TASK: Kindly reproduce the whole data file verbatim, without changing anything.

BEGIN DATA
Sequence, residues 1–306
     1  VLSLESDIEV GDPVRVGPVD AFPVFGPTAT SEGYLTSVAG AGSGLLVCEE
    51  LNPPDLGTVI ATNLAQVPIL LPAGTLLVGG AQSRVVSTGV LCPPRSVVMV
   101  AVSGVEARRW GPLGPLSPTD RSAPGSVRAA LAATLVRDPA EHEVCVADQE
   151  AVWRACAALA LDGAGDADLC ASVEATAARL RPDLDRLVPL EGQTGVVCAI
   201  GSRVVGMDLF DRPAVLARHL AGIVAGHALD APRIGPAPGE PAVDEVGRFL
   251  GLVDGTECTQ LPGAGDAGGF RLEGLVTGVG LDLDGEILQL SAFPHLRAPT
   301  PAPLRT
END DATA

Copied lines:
Sequence, residues 1–306
     1  VLSLESDIEV GDPVRVGPVD AFPVFGPTAT SEGYLTSVAG AGSGLLVCEE
    51  LNPPDLGTVI ATNLAQVPIL LPAGTLLVGG AQSRVVSTGV LCPPRSVVMV
   101  AVSGVEARRW GPLGPLSPTD RSAPGSVRAA LAATLVRDPA EHEVCVADQE
   151  AVWRACAALA LDGAGDADLC ASVEATAARL RPDLDRLVPL EGQTGVVCAI
   201  GSRVVGMDLF DRPAVLARHL AGIVAGHALD APRIGPAPGE PAVDEVGRFL
   251  GLVDGTECTQ LPGAGDAGGF RLEGLVTGVG LDLDGEILQL SAFPHLRAPT
   301  PAPLRT